Glorious 

The last thing I wanted to do today is get my butt outside & moving.  

I’ve been (yet again) decreasing my pred, so I have decent levels of aches & pains today & my foot has been ok but now I have a stiff ankle problem that I’m trying to work out.  Plus I’m a little sore from walking over 3 miles yesterday.  

BUT… it’s the end of December in Michigan and sunny and in the 50’s (rare, but wonderful).  So I couldn’t pass up at least a couple mile walk with the pooch.  

Before I left I was super crabby & short with my family.  Going out turned out to be the best medicine.  

The bright sun shining on my face was glorious.  The mild temperature seemed more like spring than the start of winter.  Shortly after getting out I felt much better.  I wanted to go at least 2 miles but ended up going to 3.  I even ran for a couple short minutes (nursing that ankle 🤨).  

Now it’s time to get these Christmas decorations put away & the house cleaned up and back together.  

Have a great day everyone!

Choices

I want 100 days.

I had it back in July and never felt better.  Since then I’ve been stuck in this cycle.

When I first started learning about sobriety and recovery and connecting with people I heard a lot of things that made no sense to me at all.  Some people said they had many many many day 1’s and I had no idea how this could happen or what it meant.  Ooooh, I can relate to that statement now.  Same with one day at a time.  It doesn’t matter if I’m on day 1 or day 100– I’m still just as close to picking up a drink than the next guy.  Also, I didn’t understand the thought that while you are working on your recovery your addiction is off doing push-ups– I lived this one.  I had 123 days and life happened.  I was vulnerable and my addiction took full advantage.  It lied to me & made me believe that drinking wouldn’t be so bad and I could quit at any time.  Now we are almost 5 months later and I’m still stuck in the crappy cycle.

To make my situation even more disgusting, my foot has been KILLING me.  I’ve been sticking to the low purine diet for the most part– BUT still drinking alcohol which is a KNOWN trigger.  DUH……..    So not only do I have mental and emotional problems from drinking, but now I have physical pain too.  Yet my addiction still has me pinned under her.

100 days is a great goal for me.  It will help me stay focused.    I will be on day 16 at Christmas and day 22 on New Years Eve.  Last year on new years I sipped sparkling grape juice out of a wine glass at midnight with the hubby and kids.  It was great.  I can totally do that again.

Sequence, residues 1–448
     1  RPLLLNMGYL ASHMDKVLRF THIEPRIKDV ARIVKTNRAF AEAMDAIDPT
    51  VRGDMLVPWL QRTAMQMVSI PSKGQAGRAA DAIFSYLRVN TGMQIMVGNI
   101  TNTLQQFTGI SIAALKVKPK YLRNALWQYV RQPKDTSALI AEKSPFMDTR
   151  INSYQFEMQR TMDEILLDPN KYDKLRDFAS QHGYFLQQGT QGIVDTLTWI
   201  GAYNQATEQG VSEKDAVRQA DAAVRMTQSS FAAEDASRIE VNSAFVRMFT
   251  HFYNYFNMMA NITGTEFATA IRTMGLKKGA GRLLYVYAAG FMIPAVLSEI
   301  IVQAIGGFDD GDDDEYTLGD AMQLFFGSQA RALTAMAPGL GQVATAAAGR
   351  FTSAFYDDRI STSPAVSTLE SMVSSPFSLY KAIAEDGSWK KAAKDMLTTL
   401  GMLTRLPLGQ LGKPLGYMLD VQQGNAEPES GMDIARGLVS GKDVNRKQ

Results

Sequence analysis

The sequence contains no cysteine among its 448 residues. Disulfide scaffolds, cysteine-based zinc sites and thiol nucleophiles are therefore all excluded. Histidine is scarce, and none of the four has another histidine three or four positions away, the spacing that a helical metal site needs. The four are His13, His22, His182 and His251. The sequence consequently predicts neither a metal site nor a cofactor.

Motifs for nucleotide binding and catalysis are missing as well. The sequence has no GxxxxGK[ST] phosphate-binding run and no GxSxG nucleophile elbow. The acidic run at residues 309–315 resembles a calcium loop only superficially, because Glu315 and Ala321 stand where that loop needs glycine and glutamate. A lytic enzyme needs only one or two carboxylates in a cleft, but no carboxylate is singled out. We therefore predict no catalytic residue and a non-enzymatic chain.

Side note:  I’m at work right now writing this.  One of the paraprofessionals just popped into my room to see if I had any gum or mints.  I found out something heartbreaking about her on Friday.  Apparently, her husband is a heroin addict.  Sounds like he had it under control (was going to the methadone clinic).  But he’s back at it.  She is in her 50’s has two grown kids, one of which has special needs and still lives with her.  At some point, not sure when, her husband gave her Hepatitis C that he got from using dirty needles.  She’s thinking about leaving him– it is just such a sad situation.  As we’re happily chatting, she has no idea that I’m writing about my own addiction.  It seems as though lately I’ve been hearing more and more about the struggles of close family members of friends and acquaintances.

Maybe it’s time to come out.  This is something that I’ve thought about, but #1 I don’t want to be that accountable — no wait– my addiction does not want to be accountable and #2 I’ve felt like I owe it to others to have a good chunk of time under my belt before coming out.  I can’t be sober for 2 weeks and preach about it (although I do it all the time in Facebook groups).  Jan, who almost was my sponsor last summer (from  my local AA meeting) and I talked on the phone once.  She said that coming out to my friends and family members is imperative to my success– maybe she was right, go figure.  Maybe I really need to look at those with long periods of sobriety and do more of what they are doing and listen to the advice they give me.

Paul Churchill from the Recovery Elevator podcast always talks about when he was completely tired of day 1’s and serious about sobriety he sent out a mass text.  People in MY family really DON’T understand that I have this problem.  They only know that sometimes I drink and other times I don’t.  Wow, they must think that I really have things under control– how ironic!

Anyways, I’m glad I took the time to write today.  I think that 100 days and coming out–at least to those close to me– not necessarily coworkers– yet- but that will come soon because there are too many people who are dealing with addiction who I could possibly help– even if its to listen with an empathetic ear– is a good start.  Probably going back to AA would be good too, although it’s hard to find the time (I know that’s a lame excuse– but I don’t have a lot of time during the week and would rather spend an hour on a hike with my dog than at a meeting.  I DO think they’re beneficial though and will try to find one during the week that I can commit to.  And the steps– I’m on step four and need to seriously commit to working on it.

I will be writing more here.  Most of the posts will probably be short but I do want to document each day.

Action plan for today:  Throw out leftover wine.  Make a schedule of workouts, meetings, meditation and step work.  ALL are crucial to my success and I can find time if I’m not wasting it drinking.  DON’T DRINK.  Betsy will start yapping on the way home.  She’ll yap the whole time I’m at the foot doctor.  She’ll TRY to get me to stop at the store and throw in the towel.  IGNORE Betsy today.  Day 1, I am already 1% to 100!

I have a rich life and much to live for.  It’s time I start making everyday choices that will make my heart and soul happy.

Peace, Love and Rock and Roll ❤